• Protection

    Collectible protective mask

    After the last post I want to talk more about protective masks. They are an interesting category of mask collecting. Unlike most collectable masks, they have nothing to do with ceremony or having fun. They are meant to keep the wearer from injury. But they also may have a secondary purpose of intimidating opponents. Here are some examples. You can see more protective masks by going to that category. None of them fail to impress the viewer Gas masks are often used by the military to protect soldiers from poisonous gas that the enemy might use against them. This one, like many others, would also be a little scary for…

  • Europe

    Masks we don’t see often

    Q:  I’m trying to find out who made a particular mask. It was a cubist mask featured in Eyes Wide Shut, and I recently found a nearly identical mask linked from your site on Pinterest (though the link on your site is now dead). The image of the mask from Eyes Wide Shut is attached below.  David, 1438 A:  This mask can be found on page 107 of Masks of the World by Ibold and Yohn. It was purchased from a costume shop in France or Italy about 20 years ago. It is 10 inches high and made of very strong papier mache so it can be worn many times.…

  • South America

    Is this a Brazilian mask?

    Q:  I wondered if you might be able to assist with sourcing a 20th Century Kamayura mask? My client was hoping to purchase a mask that looks exactly like the attached which is currently on exhibition in the Montreal Museum. I wondered if you might have any insight as to who might sell these Brazilian masks or if you might know of anyone who would create a custom mask?  Any feedback or help is much appreciated!  Antonia, 1437 A:  I know about the Kamayura Indians who live around the Xingu River in the Amazon region of Brazil. The mask shown here could be from them, but I haven’t seen anything…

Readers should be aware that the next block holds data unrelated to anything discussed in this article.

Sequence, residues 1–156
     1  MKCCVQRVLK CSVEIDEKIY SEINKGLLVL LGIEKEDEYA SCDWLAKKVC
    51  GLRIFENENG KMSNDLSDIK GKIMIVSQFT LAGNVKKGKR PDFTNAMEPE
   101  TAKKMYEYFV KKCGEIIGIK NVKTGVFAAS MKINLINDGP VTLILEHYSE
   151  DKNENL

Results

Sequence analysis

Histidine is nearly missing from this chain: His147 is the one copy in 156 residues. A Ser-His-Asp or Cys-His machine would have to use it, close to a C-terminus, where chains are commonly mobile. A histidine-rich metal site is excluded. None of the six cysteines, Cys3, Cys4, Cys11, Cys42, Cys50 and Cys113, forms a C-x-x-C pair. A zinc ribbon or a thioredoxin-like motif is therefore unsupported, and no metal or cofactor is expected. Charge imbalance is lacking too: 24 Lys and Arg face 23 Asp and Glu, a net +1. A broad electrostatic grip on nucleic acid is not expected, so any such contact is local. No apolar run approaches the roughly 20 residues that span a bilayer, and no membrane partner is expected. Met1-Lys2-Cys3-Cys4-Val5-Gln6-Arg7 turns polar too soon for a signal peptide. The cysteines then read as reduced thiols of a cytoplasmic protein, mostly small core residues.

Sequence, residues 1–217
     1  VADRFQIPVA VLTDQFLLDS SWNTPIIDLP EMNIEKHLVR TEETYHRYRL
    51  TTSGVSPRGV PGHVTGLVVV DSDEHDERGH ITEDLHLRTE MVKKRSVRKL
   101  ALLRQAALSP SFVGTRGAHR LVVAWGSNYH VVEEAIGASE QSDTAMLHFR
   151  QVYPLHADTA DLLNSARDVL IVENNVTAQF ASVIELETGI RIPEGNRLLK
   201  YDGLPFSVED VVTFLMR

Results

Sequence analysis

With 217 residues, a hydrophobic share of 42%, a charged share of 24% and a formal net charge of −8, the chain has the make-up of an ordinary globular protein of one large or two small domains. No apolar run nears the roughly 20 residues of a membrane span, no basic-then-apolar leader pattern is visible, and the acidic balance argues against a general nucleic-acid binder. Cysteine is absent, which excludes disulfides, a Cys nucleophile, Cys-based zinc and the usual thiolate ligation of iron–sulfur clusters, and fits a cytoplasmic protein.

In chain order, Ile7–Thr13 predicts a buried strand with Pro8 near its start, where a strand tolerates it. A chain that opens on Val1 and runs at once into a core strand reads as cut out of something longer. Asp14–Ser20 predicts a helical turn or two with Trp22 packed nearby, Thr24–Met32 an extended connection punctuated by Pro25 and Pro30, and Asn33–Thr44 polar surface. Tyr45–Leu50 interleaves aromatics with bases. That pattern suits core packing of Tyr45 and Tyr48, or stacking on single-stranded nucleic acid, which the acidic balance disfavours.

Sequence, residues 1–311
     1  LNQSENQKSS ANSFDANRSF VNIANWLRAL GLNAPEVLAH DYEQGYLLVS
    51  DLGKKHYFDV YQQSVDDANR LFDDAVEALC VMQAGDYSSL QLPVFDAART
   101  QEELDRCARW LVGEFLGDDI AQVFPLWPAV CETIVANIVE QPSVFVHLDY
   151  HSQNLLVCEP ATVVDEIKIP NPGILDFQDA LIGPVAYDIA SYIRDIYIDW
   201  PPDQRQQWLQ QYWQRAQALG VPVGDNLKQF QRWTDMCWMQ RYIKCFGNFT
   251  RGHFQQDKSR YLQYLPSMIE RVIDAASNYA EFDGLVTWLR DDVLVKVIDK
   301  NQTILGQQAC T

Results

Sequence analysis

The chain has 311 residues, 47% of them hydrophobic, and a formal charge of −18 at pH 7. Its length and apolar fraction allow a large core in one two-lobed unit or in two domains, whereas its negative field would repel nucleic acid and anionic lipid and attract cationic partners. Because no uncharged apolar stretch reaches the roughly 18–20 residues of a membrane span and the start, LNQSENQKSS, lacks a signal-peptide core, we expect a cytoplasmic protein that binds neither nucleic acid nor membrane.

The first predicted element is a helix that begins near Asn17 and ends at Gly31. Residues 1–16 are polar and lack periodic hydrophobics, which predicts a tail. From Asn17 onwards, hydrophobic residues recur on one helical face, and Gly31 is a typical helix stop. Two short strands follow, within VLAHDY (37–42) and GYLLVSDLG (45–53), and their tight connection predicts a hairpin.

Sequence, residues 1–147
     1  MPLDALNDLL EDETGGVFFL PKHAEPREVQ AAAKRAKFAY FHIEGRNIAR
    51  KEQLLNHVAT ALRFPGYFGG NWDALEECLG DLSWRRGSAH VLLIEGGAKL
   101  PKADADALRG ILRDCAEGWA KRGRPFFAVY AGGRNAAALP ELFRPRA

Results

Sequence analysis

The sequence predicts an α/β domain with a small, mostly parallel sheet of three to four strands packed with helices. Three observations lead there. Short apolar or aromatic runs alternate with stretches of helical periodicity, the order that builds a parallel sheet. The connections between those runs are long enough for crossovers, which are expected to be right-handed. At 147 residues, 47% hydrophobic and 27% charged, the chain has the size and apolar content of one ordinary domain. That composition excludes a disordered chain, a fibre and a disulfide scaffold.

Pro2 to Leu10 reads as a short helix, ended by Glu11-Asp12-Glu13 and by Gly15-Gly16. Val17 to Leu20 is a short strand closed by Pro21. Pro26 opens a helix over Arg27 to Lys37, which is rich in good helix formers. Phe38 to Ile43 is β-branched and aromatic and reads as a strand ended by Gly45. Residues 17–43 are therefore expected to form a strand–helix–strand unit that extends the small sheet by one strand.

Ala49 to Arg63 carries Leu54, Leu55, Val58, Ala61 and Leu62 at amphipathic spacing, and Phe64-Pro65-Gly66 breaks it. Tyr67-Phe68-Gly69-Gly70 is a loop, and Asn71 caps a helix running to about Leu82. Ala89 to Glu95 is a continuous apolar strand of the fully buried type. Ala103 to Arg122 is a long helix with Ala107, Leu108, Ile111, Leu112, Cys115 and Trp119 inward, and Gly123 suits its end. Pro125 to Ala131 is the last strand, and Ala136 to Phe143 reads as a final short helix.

• Mexico

    What kind of mask is this?

    Q:  How much is an appraisal? I have a very large carving of what I believe is an antique Mexican Conquistador with blue glass eyes. I have spent over 5 hours online and haven’t found anything like it. So, time to turn to the experts. Thank you.  Laurie, 1436 A:  I asked her to send me some pictures. She did. The first bearded mask is the one she wants to buy. She also sent pics of other masks in the same collection. That is the second photo which shows 11 antiqued decoratives probably from Guerrero. The mask she wanted looked more like a fake Barbone (bearded guy} or possibly an…

  • Caribbean

    Where does this mask come from?

    It comes from the Yare people of Northern Venezuela, close to the Caribbean sea. They were brought here as slaves and are of African descent, as are almost all Caribbeans. You can see this African influence in their music, dance, costumes and masks. Most Yare masks are made of papier mache and lots of colorful paint. This one is a typical parade mask from the Devils of Yare. In this folkloric festival, devotion is given to the patron saint Saint Francis of Paola, to the Blessed Sacrament and to Jesus Christ. The celebration starts Wednesday with a wake where fulías (a native music style) are played, décimas (native form of…